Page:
Artists who work solely from photographs really do miss out on those marvellous energizing sensations of being tossed around in the wind, or being spattered in face and sketchbook by rain, snow, hail, or whatever. These sensations link you with the natural world, and provide a tremendous advantage when you wish to really make your paintings more dynamic and full of movement. But, of course, not everyone wishes to go through such experiences.
This section of drystone wall and wind-swept bush is part of a watercolour painting where I began with masking fluid painted over where the stonework would appear. The dark bush throws up a strong tonal contrast with the top of the wall, and after this had dried I removed the masking fluid and brushed a light blue-grey wash over the right-hand end of the wall to subdue that part.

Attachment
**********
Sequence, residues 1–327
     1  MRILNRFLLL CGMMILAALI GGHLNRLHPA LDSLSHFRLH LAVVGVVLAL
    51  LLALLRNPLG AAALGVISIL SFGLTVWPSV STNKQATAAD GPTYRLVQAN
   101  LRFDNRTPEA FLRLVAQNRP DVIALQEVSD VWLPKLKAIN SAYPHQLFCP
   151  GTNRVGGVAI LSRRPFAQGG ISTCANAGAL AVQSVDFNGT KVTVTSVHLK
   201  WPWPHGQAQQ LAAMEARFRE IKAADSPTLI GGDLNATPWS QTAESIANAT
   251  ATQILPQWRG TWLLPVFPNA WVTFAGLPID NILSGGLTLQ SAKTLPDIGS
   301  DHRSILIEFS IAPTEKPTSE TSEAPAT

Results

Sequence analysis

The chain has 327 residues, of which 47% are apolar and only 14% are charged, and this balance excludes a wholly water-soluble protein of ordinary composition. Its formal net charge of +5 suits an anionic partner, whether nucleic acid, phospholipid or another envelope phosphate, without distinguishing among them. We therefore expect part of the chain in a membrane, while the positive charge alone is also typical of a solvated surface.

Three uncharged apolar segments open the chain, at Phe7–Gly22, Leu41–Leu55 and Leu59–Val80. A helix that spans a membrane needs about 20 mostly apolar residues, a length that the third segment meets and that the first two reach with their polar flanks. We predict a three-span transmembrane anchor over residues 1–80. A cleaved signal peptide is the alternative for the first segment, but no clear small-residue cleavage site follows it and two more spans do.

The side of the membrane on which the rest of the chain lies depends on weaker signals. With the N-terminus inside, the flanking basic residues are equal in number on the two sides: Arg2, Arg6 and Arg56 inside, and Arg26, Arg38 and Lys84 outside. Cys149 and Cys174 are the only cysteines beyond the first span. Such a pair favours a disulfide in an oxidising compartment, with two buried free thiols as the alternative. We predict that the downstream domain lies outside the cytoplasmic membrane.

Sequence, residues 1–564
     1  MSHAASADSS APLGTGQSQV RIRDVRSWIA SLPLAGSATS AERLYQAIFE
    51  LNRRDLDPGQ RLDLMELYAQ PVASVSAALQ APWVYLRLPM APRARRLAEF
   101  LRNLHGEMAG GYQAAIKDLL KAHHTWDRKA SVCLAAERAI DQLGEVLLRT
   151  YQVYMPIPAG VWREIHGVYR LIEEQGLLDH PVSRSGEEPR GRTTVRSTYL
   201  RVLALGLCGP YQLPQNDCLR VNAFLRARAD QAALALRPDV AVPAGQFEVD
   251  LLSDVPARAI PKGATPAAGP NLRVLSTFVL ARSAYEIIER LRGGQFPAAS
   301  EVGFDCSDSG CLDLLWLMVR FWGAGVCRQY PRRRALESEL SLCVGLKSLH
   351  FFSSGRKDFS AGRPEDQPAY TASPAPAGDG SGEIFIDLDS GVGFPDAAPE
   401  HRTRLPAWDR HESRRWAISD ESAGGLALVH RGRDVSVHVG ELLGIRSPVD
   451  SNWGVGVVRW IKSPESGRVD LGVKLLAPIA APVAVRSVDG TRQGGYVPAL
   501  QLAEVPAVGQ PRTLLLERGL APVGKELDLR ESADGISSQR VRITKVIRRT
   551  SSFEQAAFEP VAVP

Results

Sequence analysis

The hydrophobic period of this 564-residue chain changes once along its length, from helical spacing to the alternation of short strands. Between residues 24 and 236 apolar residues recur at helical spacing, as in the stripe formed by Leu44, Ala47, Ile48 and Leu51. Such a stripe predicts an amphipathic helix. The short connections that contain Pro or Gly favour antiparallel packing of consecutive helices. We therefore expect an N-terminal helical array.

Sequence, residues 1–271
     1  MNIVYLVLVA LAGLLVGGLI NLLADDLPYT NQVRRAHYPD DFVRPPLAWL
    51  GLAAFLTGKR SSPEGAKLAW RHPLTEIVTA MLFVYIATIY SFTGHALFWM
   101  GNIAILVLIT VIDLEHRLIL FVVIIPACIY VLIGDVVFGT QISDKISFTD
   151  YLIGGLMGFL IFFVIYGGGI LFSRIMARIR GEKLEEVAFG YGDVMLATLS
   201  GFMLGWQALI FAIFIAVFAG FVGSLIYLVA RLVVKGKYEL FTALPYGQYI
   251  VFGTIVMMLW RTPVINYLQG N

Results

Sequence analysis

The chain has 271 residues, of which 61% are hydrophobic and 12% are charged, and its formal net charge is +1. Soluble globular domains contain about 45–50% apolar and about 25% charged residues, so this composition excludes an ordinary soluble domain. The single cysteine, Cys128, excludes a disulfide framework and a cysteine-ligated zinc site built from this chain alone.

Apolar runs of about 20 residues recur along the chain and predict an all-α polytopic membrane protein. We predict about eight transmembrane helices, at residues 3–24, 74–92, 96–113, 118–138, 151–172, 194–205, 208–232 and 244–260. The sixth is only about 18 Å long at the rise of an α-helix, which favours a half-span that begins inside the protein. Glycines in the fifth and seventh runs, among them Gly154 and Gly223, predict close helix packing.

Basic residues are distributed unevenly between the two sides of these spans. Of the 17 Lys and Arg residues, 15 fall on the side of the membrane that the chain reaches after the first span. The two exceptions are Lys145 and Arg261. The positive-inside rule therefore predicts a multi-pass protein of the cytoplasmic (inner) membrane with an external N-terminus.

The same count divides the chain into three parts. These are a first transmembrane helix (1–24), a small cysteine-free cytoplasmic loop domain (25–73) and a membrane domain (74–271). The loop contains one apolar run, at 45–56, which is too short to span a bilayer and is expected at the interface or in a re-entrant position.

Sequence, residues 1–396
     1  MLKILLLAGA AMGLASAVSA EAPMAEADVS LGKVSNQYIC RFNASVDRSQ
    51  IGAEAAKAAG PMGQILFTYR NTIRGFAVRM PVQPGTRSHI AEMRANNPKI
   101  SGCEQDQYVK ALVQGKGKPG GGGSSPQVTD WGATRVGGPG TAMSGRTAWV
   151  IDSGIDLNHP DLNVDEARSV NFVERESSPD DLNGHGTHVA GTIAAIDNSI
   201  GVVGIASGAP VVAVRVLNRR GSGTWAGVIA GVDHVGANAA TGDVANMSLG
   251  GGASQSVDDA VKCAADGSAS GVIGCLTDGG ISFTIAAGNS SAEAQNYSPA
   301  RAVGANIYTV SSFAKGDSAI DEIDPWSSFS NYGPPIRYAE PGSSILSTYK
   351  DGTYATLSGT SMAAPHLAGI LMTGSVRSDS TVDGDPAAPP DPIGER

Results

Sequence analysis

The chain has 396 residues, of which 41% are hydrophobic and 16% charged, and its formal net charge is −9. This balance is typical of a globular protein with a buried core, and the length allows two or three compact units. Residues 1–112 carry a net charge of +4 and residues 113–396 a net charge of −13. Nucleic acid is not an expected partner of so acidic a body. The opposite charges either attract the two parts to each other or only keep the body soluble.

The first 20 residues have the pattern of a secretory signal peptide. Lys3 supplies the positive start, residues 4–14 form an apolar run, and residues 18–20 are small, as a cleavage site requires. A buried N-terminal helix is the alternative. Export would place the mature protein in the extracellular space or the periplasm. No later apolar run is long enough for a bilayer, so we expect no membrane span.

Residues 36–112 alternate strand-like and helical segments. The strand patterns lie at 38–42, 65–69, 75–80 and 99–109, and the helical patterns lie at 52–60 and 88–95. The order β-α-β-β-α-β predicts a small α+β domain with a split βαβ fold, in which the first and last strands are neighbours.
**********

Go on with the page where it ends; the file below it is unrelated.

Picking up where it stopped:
For the branches I mixed some burnt umber and French ultramarine and applied it with a number 1 rigger. To give a sense of strong wind and movement I painted with vigorous strokes outwards from the centre of the bush. When this was done I spattered a number of small blobs or spots with the same mixture, to further enhance the feeling of robust movement in the branches. With all the branches bent in the same direction it suggests a rather windy day.
Watch for these effects when you are out and about, and note them, even if you don’t have a sketchbook or camera with you. You can, of course, include them in a composition where there is no wind, just to liven things up a but, or to create a sense of movement. This can be really effective on water – I’ve just returned from a few days in London and when sketching on the Thames the water was alive in the wind, creating a real sense of sparkling movement in the sunshine.
Have a go at this more vigorous approach – it really does give your work a marvellous boost.